Context

The same is true of marriage. You and I can give advice, try to relate to a suffering or distant woman, and come alongside her, but if we don't have the words or ability to understand the difference between a mutual relationship and an oppressive one, we aren't even speaking the same language.

Your Cross to Bear

Oppression, in a Christian context, does not mean covering sin, or bearing the consequences of another's sin "till death do us part." That, in fact, would not be loving--if this life is his only opportunity for repentance and eternal life. Responding to oppression means resisting in a way that exposes and addresses sin. It means praying and living against one's own tendencies or desire to be a savior and turning to the Savior.

Why do I Feel guilty?

In a relationship with a controlling individual, there is a lot of guilt because that individual has a lot of rules. Not only do the rules change capriciously, there are real punishments associated with breaking each and every rule. The person in power controls which rule is most important in any given moment and determines when, how, why, and what kind of punishment applies whether the rule was spoken, unspoken, real or imagined.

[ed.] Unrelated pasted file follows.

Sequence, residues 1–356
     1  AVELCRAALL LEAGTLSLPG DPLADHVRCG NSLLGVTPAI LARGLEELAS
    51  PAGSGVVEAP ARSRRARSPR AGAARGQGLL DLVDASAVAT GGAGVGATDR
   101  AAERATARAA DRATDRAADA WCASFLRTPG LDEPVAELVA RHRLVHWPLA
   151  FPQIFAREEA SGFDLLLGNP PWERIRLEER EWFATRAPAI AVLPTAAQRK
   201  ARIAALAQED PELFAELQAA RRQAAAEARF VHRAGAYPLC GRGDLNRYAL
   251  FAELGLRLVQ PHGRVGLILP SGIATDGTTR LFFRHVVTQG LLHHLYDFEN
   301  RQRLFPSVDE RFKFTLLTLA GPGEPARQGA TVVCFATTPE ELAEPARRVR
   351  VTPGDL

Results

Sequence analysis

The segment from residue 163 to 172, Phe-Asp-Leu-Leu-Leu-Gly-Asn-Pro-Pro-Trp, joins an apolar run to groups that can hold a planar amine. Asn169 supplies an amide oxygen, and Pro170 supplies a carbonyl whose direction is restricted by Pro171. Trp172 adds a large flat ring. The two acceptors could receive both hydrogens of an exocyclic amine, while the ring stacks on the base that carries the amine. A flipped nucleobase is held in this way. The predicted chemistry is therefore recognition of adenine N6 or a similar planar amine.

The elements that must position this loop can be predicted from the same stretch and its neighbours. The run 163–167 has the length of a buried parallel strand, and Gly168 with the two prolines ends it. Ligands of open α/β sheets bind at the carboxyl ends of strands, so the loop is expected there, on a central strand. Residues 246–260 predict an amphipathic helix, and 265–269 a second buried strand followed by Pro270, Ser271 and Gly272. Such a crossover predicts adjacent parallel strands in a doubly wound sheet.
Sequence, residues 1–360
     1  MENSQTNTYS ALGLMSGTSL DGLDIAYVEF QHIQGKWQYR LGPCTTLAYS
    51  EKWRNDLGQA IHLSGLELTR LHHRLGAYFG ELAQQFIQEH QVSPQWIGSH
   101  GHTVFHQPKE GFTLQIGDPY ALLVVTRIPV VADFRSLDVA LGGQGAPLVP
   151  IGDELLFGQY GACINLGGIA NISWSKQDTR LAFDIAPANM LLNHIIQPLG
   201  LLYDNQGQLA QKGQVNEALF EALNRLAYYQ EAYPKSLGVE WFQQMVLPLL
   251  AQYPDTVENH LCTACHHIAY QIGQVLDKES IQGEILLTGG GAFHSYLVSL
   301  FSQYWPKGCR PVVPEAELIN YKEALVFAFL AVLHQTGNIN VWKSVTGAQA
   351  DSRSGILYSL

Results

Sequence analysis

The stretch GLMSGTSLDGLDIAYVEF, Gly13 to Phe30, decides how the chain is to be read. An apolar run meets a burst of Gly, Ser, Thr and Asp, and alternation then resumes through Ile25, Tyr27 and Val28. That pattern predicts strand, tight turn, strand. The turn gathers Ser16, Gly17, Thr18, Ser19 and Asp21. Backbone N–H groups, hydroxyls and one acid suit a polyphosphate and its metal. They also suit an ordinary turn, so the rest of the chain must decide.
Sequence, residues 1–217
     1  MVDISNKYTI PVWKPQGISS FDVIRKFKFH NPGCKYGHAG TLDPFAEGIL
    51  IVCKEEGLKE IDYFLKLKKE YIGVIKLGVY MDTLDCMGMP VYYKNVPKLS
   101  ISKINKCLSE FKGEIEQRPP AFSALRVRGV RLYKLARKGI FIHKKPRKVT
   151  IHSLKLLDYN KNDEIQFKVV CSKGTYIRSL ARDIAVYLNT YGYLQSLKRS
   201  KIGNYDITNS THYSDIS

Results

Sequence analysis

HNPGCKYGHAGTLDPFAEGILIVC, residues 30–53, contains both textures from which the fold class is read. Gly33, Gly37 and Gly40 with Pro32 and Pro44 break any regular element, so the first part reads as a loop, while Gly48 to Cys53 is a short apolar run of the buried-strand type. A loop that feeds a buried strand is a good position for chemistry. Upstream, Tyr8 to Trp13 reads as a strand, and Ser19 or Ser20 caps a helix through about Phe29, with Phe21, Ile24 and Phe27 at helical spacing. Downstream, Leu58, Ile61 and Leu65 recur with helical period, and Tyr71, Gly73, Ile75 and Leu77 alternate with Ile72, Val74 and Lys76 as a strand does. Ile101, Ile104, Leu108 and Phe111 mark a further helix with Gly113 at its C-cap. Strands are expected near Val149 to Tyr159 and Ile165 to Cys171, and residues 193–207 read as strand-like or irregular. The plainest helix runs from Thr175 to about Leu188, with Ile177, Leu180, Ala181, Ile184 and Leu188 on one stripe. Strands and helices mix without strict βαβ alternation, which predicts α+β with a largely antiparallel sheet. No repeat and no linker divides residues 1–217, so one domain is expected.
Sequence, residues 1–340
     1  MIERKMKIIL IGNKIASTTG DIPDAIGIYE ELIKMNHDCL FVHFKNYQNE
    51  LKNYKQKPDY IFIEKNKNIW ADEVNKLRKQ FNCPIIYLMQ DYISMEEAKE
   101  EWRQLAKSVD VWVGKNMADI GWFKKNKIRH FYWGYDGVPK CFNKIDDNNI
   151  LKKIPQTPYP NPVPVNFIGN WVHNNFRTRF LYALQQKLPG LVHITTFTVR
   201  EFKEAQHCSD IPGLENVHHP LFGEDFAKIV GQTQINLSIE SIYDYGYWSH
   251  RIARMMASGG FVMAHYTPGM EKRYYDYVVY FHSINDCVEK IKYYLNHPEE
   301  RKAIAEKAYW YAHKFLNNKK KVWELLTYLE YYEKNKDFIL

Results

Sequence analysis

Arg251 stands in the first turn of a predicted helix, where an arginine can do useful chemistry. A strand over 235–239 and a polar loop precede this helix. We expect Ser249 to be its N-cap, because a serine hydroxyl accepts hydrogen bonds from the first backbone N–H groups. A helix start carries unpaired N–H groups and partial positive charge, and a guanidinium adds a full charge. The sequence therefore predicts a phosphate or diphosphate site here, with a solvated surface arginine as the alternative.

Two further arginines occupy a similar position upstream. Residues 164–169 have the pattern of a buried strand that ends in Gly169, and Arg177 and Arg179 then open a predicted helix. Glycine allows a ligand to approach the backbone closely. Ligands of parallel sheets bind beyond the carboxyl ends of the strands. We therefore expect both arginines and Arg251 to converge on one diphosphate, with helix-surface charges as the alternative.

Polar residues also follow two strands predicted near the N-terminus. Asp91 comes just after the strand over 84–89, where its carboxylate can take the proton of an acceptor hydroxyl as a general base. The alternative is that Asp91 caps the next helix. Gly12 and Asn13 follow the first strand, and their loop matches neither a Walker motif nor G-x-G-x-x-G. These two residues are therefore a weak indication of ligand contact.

Invisible Bondage

Compare biblical misunderstanding with Amnesty International's Report on Torture (New York: Farra, Strauss, and Giroux), 1973 following the Vietnam War. Albert Biderman, a psychologist, studied the methods foreign armies used to extract false confessions from prisoners of war. You may be surprised at the similarities.